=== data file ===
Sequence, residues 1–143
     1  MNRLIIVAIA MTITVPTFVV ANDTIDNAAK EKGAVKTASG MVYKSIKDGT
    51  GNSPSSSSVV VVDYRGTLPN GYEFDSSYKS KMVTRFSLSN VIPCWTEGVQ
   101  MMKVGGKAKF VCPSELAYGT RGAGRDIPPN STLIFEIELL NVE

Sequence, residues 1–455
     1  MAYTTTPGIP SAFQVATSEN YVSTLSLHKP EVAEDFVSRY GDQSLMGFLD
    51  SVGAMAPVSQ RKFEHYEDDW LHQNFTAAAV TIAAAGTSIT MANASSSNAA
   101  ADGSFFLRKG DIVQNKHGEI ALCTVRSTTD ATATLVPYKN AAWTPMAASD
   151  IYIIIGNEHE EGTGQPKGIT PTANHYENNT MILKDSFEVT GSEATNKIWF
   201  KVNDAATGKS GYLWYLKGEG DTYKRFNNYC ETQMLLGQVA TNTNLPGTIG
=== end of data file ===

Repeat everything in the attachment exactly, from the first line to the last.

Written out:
Sequence, residues 1–143
     1  MNRLIIVAIA MTITVPTFVV ANDTIDNAAK EKGAVKTASG MVYKSIKDGT
    51  GNSPSSSSVV VVDYRGTLPN GYEFDSSYKS KMVTRFSLSN VIPCWTEGVQ
   101  MMKVGGKAKF VCPSELAYGT RGAGRDIPPN STLIFEIELL NVE

Sequence, residues 1–455
     1  MAYTTTPGIP SAFQVATSEN YVSTLSLHKP EVAEDFVSRY GDQSLMGFLD
    51  SVGAMAPVSQ RKFEHYEDDW LHQNFTAAAV TIAAAGTSIT MANASSSNAA
   101  ADGSFFLRKG DIVQNKHGEI ALCTVRSTTD ATATLVPYKN AAWTPMAASD
   151  IYIIIGNEHE EGTGQPKGIT PTANHYENNT MILKDSFEVT GSEATNKIWF
   201  KVNDAATGKS GYLWYLKGEG DTYKRFNNYC ETQMLLGQVA TNTNLPGTIG